Tuesday, 9th October, 2012.
We took the bus to Mycenae to see for ourselves the ancient city about fifteen miles north of Navplion. It was a fortified place for the ruling class who were the only ones to inhabit this hill top palace. Merchants and others like the baker lived just outside the city walls.
The palace complex was uncovered by archaeologist Heinrich Schliemann in 1874. The Mycenaean palace was probably late Bronze Age which means it span the years 1700-1100 BC. It was abandoned in 1100 BC after a period of great disruption in the area.
The Lion Gate was erected in the 13th century BC with the walls to enclose the grave circle. They found six royal family shaft graves containing 19 bodies in the grave circle. The 31lb of gold goods found with them are now in the Athens museum.
The Royal Palace was situated at the acropolis’s summit but all that remains now is the floor. They believe burn marks dating to its destruction in 1200 BC are still visible on the stone. The palace area is thought to have contained an artist’s workshop along with the Megaron which was the social heart of the Palace.
We saw the secret stairway of 99 steps which drops to a cistern deep below the citadel. It is connected by pipes to an outside spring. The cistern was added to protect the water supply in times of siege. We find it fascinating how they can date all these happenings.
The Tombs of Mycenae were where mostly noblemen were buried. They were entombed in shaft graves like the Royals but in beehive tombs. The tombs were found outside the palace walls and were built using circles of masonry with each level nudged steadily inward to narrow the diameter until the top could be closed with a single stone. The entire structure was then buried except for an open air corridor to the entrance. In the Treasury of Atreus a king was buried with his weapons and enough food and drink for his journey through to the underworld. The Tomb dates from the 14th century BC and is only one of two double chambered tombs in Greece. It has a 120 feet ceiling with a small second chamber which held the bones from previous burials. A 30 feet long lintel stone stands over the entrance weighing about 120 tonnes but it is still not known how it was hoisted into place but is attributed to Mycenaean building skills. Luckily, we were told to take a torch as it is completely black inside the Treasury of Atreus second chamber.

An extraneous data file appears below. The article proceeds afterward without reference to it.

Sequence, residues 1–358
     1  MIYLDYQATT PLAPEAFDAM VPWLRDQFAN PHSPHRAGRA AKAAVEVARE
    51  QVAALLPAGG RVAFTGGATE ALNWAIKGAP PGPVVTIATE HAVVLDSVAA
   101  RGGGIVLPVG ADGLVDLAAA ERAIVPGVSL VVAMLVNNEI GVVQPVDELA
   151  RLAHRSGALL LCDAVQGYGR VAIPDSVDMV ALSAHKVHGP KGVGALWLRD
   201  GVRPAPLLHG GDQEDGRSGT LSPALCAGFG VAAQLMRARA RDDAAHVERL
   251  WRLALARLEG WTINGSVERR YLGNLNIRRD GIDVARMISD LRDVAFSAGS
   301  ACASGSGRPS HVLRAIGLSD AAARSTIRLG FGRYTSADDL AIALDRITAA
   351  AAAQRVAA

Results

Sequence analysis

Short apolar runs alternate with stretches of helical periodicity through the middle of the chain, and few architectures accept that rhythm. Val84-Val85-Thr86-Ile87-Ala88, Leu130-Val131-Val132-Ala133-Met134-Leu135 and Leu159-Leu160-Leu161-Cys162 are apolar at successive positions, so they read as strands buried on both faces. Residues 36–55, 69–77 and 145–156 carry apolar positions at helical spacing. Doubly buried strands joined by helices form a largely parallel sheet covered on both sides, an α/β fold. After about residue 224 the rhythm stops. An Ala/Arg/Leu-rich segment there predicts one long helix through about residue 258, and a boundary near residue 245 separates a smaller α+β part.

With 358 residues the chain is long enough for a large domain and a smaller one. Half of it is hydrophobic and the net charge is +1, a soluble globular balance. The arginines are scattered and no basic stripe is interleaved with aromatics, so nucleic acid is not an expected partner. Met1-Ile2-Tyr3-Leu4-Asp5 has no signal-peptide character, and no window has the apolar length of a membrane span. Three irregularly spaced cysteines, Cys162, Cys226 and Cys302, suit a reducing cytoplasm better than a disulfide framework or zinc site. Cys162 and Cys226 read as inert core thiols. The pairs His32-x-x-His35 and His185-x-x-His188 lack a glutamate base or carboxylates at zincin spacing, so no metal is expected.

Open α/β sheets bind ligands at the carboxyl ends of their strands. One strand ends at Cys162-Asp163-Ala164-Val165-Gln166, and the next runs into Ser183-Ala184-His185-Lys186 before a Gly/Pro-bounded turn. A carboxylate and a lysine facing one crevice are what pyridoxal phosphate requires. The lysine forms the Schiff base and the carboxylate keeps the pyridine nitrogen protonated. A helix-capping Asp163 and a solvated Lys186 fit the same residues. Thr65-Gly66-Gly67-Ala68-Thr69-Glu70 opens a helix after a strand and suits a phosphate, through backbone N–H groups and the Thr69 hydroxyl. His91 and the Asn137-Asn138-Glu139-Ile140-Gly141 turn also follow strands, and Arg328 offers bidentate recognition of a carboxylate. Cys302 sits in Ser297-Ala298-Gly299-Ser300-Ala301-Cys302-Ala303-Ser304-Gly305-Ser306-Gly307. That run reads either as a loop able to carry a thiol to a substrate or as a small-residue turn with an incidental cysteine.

The Curse of Atreus is a story which is told. King Atreus slaughtered his brother Thyestes’s children and fed them to him and for this outrage the gods laid a curse on Atreus and his descendants. Thyestes’s surviving daughter, Pelopia, bore her own father a son, Aigisthos, who murdered Atreus and restored Thyestes to the throne of Mycenae. But Atreus also had an heir who was Agamemnon who seized power.
Agamemnon raised a fleet to punish the Trojan Paris who had stolen his brother’s wife, Helen. He sacrificed his daughter to obtain a favourable wind. When he returned he was murdered by his wife Klytemnestra and her lover Aigisthos. The murderous pair were disposed of by Agamemnon’s children Orestes and Elektra. Nice story!
The museum houses a fabulous collection of pots, cups, jewellery and reproduction gold masts (the real ones are in the Athens museum).
We saw for the first time a little bird called a Rock Nuthatch which inhabits Greece but is also found in Iran and Iraq where the markings are more grey than brown.
The bus luckily arrived on time and we were back in Navplion an hour later. We did have concerns as it was a good 15 miles in the mountains miles from anywhere!